The Riverside, Ca., Community Police Review Commission last year fielded 95 complaints, investigated three fatal shootings involving officers and recommended several policy changes to the police department, the Los Angeles Times reports. This year’s goals include improving relations with the police department and police officers union and making the commission’s work better known to residents.
The City Council established the panel in 2000 after four officers shot and killed Tyisha Miller in December 1998. Miller, 19, had passed out in her car with a loaded gun on her lap. Police, seeking to get her medical aid, shattered a window. Three officers said later that she reached for the gun.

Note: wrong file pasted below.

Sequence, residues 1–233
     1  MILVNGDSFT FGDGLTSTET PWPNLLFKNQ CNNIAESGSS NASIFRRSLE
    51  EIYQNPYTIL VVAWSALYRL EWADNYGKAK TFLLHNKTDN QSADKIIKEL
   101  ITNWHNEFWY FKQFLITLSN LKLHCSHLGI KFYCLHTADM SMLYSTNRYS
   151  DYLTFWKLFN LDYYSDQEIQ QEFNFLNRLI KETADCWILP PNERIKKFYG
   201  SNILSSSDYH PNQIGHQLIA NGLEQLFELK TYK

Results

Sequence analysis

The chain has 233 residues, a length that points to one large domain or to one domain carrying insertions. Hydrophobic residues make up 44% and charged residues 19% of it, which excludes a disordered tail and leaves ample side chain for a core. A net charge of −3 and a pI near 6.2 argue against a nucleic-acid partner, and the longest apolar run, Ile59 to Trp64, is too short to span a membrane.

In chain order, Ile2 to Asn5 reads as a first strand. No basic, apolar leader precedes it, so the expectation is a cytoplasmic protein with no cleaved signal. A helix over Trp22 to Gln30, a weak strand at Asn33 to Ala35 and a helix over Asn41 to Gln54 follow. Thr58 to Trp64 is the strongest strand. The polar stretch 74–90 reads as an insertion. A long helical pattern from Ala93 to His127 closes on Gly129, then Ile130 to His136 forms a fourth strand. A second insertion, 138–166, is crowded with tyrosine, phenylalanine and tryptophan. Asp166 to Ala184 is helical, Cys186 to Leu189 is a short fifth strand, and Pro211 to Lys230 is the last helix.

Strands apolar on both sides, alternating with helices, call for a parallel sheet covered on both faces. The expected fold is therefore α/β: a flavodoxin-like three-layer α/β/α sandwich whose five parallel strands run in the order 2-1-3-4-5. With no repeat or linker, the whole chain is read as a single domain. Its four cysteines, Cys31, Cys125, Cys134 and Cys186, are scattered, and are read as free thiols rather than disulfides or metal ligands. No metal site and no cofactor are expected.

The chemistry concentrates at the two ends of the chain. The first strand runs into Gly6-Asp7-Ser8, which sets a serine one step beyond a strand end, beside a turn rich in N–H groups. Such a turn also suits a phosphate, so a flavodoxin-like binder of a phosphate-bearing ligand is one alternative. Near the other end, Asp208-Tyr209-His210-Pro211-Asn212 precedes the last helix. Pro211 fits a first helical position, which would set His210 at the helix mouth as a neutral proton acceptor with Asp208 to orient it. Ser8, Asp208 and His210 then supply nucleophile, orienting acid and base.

The nine-member panel has a budget of nearly $300,000. The police union has opposed it since its inception, and four council members have concerns about its role and its budget.
Of the 95 complaints reviewed last year, the commission agreed with 10% of the 188 allegations against officers. The department is writing a policy on shooting at moving vehicles and improving training on when officers should fire their weapons. The department is reviewing a recommendation to record every encounter with a civilian; now, every officer-initiated contact is tape-recorded. The police are considering a suggestion to make investigations by its internal affairs division more aggressive.